How can we schedule to run a command in background periodically , When I first started using Linux, it was like being tossed into the deep end of While cron lets you schedule commands to run periodically, at lets you in to the server, instead I could write a short script that collects data from� Just to clarify want I really want to do, actually I want to run a Python program P periodically until I give some command to stop it. And just in case that P happens to be running while I'm giving out the stop command, I want it to finish the current run first, and then not to run ever since.

I want to execute the script and have it run a command every {time interval}

cron (https://en.wikipedia.org/wiki/Cron) was designed for this purpose. If you run man cron or man crontab you will find instructions for how to use it.

any general advice on any resources for learning bash scripting could be really cool. I use Linux for my personal development work, so bash scripts are not totally foreign to me, I just haven't written any of my own from scratch.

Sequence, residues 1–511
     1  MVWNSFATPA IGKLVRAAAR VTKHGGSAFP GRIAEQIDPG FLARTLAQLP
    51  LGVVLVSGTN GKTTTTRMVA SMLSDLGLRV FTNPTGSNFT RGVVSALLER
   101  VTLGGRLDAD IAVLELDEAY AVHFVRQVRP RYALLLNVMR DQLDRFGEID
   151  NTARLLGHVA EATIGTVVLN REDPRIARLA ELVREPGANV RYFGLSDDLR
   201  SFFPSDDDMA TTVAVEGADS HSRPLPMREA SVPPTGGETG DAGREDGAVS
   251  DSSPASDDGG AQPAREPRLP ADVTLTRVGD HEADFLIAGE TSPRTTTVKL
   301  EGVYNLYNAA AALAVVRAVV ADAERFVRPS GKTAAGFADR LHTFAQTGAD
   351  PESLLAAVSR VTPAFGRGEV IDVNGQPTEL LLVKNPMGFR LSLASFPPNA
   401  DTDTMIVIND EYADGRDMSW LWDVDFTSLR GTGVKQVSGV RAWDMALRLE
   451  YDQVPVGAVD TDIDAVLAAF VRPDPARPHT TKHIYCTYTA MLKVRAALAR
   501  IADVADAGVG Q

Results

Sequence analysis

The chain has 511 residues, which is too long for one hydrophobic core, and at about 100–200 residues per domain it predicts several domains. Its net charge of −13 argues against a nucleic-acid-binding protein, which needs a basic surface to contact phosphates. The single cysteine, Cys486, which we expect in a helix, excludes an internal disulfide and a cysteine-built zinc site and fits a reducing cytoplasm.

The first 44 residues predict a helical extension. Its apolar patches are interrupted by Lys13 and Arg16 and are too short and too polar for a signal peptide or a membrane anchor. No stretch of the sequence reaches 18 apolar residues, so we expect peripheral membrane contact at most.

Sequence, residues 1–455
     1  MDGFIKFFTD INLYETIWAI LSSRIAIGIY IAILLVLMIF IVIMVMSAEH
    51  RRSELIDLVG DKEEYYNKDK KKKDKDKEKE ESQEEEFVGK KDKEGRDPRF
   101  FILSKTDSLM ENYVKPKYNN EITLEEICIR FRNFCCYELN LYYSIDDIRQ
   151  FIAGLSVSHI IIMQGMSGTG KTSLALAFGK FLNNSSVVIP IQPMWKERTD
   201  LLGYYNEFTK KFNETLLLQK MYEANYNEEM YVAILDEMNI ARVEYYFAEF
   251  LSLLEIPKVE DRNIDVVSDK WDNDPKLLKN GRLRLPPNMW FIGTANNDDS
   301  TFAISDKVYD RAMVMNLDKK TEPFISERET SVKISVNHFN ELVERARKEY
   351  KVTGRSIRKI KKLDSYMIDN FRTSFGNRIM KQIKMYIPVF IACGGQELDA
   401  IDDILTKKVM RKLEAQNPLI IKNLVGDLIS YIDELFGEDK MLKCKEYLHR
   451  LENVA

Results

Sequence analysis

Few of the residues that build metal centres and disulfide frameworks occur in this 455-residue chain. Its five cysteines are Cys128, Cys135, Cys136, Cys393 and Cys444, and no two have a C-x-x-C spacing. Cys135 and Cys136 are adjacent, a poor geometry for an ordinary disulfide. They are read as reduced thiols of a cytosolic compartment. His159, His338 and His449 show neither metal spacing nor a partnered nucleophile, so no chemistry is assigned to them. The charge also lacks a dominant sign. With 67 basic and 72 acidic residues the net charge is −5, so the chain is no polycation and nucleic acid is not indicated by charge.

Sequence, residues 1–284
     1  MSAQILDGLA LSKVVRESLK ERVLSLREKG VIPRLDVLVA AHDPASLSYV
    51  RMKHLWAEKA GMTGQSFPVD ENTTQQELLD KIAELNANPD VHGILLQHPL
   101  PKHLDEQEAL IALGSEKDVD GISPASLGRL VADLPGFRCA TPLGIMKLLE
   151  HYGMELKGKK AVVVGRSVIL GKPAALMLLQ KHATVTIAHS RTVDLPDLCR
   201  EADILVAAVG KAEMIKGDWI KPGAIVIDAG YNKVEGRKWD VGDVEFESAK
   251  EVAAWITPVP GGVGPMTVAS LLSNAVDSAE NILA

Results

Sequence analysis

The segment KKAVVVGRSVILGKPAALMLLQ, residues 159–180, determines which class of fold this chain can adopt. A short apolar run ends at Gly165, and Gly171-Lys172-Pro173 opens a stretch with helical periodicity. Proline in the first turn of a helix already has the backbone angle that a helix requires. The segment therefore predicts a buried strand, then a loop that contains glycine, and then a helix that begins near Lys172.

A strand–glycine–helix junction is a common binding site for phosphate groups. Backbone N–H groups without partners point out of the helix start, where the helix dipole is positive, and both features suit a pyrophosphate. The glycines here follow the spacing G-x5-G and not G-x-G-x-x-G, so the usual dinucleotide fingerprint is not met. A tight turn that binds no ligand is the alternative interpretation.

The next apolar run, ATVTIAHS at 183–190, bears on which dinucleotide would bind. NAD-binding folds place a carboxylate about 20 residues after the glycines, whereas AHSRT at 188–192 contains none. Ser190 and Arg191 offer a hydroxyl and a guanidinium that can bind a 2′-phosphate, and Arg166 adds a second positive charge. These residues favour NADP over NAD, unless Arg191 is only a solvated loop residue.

If you are comfortable working with bash, I recommend reading through the bash manpage first (man bash) -- there are lots of cool tidbits.

Schedule One-Time Commands with the UNIX at Tool, I do not have previlage to use crontab -e to run my script. Is there other way to periodically run my script? Basically I need to run it once a week. How can I run a script in Linux operating system using command line options? By default, the shell script will not run. You need to set execute permission for your shell script. To execute or run script type the following command: chmod +x script-name-here OR chmod 0755 script.sh Next, use the ls command to view permission on the script:

Avoiding Time Drift

Here's what I do to remove the time it takes for the command to run and still stay on schedule:

#One-liner to execute a command every 600 seconds avoiding time drift
#Runs the command at each multiple of :10 minutes